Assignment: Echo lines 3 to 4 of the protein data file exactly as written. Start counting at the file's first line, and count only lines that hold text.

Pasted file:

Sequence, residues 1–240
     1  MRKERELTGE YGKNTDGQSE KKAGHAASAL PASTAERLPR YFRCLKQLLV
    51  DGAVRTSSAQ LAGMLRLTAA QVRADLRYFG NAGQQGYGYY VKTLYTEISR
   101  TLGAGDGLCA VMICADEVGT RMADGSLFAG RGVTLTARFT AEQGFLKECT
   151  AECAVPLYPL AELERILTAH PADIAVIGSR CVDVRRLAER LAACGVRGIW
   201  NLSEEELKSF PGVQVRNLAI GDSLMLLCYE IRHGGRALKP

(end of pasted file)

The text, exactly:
    51  DGAVRTSSAQ LAGMLRLTAA QVRADLRYFG NAGQQGYGYY VKTLYTEISR
   101  TLGAGDGLCA VMICADEVGT RMADGSLFAG RGVTLTARFT AEQGFLKECT